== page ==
With Dave in London, January 2005
Photo credit: Kinkinprint.com
Apart from meetings with the Spanner Trust and the Woodhull Freedom Foundation in London, my main work in January was flying to Chicago to emcee the Mr Chicago Leather 2005 contest at Touché. There were five judges, including the current IML Jason Hendrix, and five contestants. It's the only event during Jason's title year which we're both attending in an official capacity. Of course, as emcee I had control of the microphone...
My favourite part of the contest was the roll call. Last year the contest organisers allowed me to have a roll call of non-titleholders. This year I took it a step further to recognise people who would never accept public thanks. I asked for volunteers from the audience to receive our appreciation on their behalf. Six people came up onstage to represent those who do fundraising without credit (e.g. selling raffle tickets); anyone who gives their tips to charity; the "muscle" (door supervisors, security guards, minders and chauffeurs); anonymous sponsors; backstage crews; and people who stay at home (pet minders, baby sitters, partners) so that we can come out to events. The crowd gave a huge round of applause.
One of the five causes I'm supporting this year is the GAY LEATHER SM SEXUALITY RESEARCH PROJECT, run by author and part-time PhD student Eric Chaline. On a Saturday afternoon in January we met in the downstairs lounge at Coffee, Cake and Kink in Covent Garden so that he could give an update on his work.
What year are you in?
I'm in the second year of the project.
How many more years do you think it will take you?
I'm going to try and break a few records and do it in three years! Because I'm a part-time student that's unheard of, but I'm going to give it a go. Most full-time students do it in four. One of the great things is that because I'm an "insider" doing the research I didn't have all the spade work that other people would have to do. If I wasn't gay and wasn't into S&M then it would have taken six months to a year just to know where to go and who to talk to. I've also found that everyone has been incredibly co-operative - they actually want to put their point over in the research. People who enjoy playing but aren't involved in the scene very much want their version of S&M to be put over as well.
In lay terms what's your PhD about?
Homosexuality was constructed differently in different periods of history. So the Greeks had a version of homosexuality, the Romans had a version of homosexuality, then you had mediaeval versions of homosexuality, and each one was very different and culturally specific to that historical phase. Up until the 19th century homosexuality was just an act, a sin, but it wasn't a condition. At the end of the 19th century it had become a medical condition, which could have some kind of cure. My PhD starts there in the late 19th century with the creation of the first discourses of S&M, which gave it the pathological psychiatric definitions that are still around today.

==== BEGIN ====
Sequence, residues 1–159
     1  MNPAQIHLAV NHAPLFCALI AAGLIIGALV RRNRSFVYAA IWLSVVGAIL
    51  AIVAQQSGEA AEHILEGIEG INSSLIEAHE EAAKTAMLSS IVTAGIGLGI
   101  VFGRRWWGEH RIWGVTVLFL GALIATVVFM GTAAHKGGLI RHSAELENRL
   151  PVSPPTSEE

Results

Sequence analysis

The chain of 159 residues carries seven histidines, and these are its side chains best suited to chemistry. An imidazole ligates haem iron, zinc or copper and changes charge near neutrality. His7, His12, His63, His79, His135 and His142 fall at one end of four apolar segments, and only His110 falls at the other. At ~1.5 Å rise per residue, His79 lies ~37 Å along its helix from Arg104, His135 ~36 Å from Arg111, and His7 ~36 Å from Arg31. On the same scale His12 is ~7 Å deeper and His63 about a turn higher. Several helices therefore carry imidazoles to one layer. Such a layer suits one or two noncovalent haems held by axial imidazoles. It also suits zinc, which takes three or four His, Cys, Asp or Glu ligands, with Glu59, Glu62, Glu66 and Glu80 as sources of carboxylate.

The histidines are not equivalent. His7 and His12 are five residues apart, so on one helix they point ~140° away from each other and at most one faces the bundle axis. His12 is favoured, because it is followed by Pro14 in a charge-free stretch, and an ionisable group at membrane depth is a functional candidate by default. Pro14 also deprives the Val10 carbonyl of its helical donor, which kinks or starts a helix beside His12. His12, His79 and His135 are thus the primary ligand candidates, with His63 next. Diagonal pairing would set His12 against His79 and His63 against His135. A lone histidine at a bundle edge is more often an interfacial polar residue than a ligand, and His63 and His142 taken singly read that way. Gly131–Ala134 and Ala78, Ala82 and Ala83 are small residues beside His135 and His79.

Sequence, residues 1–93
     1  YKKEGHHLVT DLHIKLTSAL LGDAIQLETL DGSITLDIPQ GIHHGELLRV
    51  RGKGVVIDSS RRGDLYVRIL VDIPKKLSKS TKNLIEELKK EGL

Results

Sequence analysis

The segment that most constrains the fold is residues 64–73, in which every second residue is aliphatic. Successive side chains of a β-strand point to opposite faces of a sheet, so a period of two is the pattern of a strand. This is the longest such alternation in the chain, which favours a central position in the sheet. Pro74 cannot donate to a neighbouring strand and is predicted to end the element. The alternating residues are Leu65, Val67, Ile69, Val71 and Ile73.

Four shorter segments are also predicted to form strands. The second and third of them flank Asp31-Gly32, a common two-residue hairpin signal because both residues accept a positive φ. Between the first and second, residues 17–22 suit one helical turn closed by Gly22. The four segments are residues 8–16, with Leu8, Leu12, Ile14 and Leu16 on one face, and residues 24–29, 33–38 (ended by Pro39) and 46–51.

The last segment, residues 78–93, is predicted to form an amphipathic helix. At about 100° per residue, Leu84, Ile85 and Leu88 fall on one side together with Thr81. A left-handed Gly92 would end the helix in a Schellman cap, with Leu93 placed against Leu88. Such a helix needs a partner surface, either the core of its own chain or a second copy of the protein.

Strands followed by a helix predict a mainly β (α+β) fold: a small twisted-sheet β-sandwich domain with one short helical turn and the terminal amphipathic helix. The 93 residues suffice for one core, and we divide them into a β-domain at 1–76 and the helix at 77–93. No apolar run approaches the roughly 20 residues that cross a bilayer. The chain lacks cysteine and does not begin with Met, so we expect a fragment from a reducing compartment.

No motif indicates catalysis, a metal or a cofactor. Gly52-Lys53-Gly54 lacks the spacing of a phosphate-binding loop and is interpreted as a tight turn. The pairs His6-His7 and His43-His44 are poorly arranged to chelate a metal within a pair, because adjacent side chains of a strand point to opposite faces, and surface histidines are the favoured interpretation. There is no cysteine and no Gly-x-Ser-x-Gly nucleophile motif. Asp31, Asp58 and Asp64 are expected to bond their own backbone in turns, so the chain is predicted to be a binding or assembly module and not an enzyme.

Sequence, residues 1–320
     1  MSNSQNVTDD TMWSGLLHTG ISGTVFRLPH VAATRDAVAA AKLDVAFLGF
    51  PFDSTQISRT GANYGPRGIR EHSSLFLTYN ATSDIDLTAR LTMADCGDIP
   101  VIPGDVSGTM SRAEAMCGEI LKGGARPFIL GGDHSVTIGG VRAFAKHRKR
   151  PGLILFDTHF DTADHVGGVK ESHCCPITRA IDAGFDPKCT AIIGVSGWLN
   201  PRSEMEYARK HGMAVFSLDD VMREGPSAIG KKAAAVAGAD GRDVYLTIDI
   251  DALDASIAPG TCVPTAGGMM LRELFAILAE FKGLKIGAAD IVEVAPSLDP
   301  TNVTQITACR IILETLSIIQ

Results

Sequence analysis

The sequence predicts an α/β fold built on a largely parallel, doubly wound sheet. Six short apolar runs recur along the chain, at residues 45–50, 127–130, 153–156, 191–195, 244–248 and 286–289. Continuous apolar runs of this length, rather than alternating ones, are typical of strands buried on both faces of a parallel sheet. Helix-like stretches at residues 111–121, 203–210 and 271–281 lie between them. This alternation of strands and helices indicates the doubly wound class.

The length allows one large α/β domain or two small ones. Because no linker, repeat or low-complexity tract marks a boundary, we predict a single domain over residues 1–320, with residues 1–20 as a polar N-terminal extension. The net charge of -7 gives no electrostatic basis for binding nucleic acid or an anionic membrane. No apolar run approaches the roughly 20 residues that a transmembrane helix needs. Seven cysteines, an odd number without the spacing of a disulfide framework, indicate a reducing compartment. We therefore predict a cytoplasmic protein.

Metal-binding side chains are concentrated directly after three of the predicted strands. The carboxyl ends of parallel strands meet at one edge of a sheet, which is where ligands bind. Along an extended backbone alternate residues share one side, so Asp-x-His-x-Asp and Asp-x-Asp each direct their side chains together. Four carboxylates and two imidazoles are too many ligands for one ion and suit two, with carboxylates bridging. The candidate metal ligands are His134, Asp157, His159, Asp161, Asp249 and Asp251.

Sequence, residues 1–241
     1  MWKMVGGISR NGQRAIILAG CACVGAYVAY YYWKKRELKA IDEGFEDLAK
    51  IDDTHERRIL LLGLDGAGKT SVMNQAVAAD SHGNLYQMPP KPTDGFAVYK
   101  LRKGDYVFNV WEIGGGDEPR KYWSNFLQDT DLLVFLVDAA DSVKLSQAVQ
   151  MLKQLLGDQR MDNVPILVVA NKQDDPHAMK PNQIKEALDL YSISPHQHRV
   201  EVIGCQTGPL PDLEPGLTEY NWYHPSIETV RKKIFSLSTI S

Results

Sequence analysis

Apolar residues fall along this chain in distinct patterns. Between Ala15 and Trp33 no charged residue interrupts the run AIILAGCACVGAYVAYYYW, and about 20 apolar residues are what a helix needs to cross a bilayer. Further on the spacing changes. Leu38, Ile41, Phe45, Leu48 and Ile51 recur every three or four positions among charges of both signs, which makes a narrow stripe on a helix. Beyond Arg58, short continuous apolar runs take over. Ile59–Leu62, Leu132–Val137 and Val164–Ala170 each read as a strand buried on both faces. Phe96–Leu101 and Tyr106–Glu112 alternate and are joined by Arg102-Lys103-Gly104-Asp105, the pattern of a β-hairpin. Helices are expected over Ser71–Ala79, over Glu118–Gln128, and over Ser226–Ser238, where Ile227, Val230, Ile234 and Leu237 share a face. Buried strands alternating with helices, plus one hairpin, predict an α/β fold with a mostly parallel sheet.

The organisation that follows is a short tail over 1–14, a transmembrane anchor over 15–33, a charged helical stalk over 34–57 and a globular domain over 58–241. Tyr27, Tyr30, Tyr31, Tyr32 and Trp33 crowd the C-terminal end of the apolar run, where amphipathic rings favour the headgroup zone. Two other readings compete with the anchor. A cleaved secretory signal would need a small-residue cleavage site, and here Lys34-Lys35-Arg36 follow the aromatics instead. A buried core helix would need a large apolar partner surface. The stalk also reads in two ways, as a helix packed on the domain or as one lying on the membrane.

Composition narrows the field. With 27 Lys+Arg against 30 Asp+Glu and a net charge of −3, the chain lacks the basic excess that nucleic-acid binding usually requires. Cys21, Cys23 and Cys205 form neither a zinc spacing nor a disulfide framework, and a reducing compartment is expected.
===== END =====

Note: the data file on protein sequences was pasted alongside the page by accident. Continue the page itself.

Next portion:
And how would you define it?
I don't work that way. I'm going to let the people I'm surveying and interviewing define it for me.
Out of the people that you've interviewed so far have you noticed any broad themes?
Very, very broad. One of the conclusions is going to be how varied S&M is and that there isn't an agreed definition amongst players. Maybe there is among certain groups of players but it's a very personal and unique journey that everybody makes. For whatever reason you're interested in when you start, it could be as a child, or as an adolescent or as an adult, you have your very personal reasons why you choose S&M as a way to express your sexuality. You start meeting other people who are also into S&M who have their own versions of it, and through that process of interaction you start to develop your own S&M. You have, let's say, S&M in potentia when you start discovering it as a child or an adolescent, but that's not what S&M is socially. What I'm looking at is a transformation of S&M as a personal fantasy into a social reality and how that process happens.
Onstage at Mr Chicago Leather
Have you noticed a difference in people's stories before and after the Spanner Trial?
Well I've interviewed people who go right back to before the legalisation of homosexuality. I had one interviewee who first came out on the S&M scene in 1958 and went to the Coleherne which was then the main place. I don't know if he had a charmed life or not but he reported absolutely no police harassment, just had a wonderful time. He's now in his late 60's and he's never had any trouble with the police. He travels around and carried on having many encounters.
So far the people I've interviewed seem to enjoy their S&M and have not had any problems with it and actually most of the younger ones are not even aware of the problems that the Spanner generation had.
How many people have you interviewed so far by questionnaire and in person?
A hundred people responded to the paper survey, so I've stopped there. And I've done 17 face-to-face interviews out of 30, so I need another 13 volunteers.
Are you looking to interview anyone in particular?
I want as broad a variety of people who are actively taking part in gay S/M in the UK as possible: people who are on the scene, people who are very closely identified with S&M and made it their whole lifestyle, as well as occasional players and people from ethnic minorities.
Thanks for your help.
International Mr Leather 2003